I have the battery grip married to my K10D, with an additional battery residing within it. Tonight, the battery in the grip (set to be used first) was depleted during operation. I had thought that the battery in the body of my camera would automatically switch into gear. But it did not. I had to power my camera down & back on, in order for the other battery to step into gear. Isn't it supposed to work as I thought that it would?
10-22-2007, 04:16 PM   #6
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Thanks to everyone for your informative responses. I thing that I, henceforth, will adopt the manner of just having a battery in the grip, with the other one in my camera bag. The main reason that I bought my grip was so that a second battery would be at the 'ready', for automatic action in the event of the other's depletion. But I don't really see the present situation as a loss (the purchase price of the grip), because the additional real estate for my larger-than-average hands does mean something to me. But thanks, again.
10-22-2007, 05:21 PM   #7
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WOW. that's an interesting conclusion! Are you really in that many situations where a quick change of the battery is necessary? I shoot a LOT of fast moving events and only in one particular instance in 7 or 8 years has such a change been necessary. My solution was at a completely different level-changed cameras! Perhaps...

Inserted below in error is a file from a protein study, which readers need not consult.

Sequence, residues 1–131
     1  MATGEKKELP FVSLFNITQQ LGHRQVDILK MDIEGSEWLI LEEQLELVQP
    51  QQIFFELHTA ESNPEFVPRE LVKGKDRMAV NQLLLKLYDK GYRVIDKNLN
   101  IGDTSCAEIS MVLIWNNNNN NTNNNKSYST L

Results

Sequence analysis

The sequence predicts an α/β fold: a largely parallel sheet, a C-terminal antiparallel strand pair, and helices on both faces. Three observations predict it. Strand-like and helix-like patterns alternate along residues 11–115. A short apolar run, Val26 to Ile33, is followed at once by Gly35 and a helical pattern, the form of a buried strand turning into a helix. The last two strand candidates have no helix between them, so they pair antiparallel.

QuoteOriginally posted by NLAlston Quote
Thanks to everyone for your informative responses. I thing that I, henceforth, will adopt the manner of just having a battery in the grip, with the other one in my camera bag. The main reason that I bought my grip was so that a second battery would be at the 'ready', for automatic action in the event of the other's depletion. But I don't really see the present situation as a loss (the purchase price of the grip), because the additional real estate for my larger-than-average hands does mean something to me. But thanks, again.
10-22-2007, 05:25 PM   #8
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QuoteOriginally posted by NLAlston Quote
Thanks to everyone for your informative responses. I think that I, henceforth, will adopt the manner of just having a battery in the grip, with the other one in my camera bag. (snip)

Since I got tired of removing the grip each time the camera battery required charging, I eventually adopted the same (battery only in grip) solution as well, Nathan. After all, opening the grip to switch batteries occasionally is a whole lot easier than removing the entire grip. Of course, I'm not suggesting there is anything wrong with the other ways of doing this (using batteries). This is just my preferred way of doing things.

stewart

10-22-2007, 05:43 PM   #9
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I agree with jfdavis58. I shoot a few weddings and other events and I know that I can turn the camera on and off much faster than digging in a pocket and opening the grip to replace a battery. Easily done without taking the eye from the viewfinder. I see Stewart's point but if I'm off to shoot for a day, I'll take the grip off and top up the batteries anyway so I prefer the 2 battery set up. Plus once the grip battery dies I know that I'm on the camera now and may need to get the third battery out at some point (heavy flash use)
10-22-2007, 06:41 PM   #10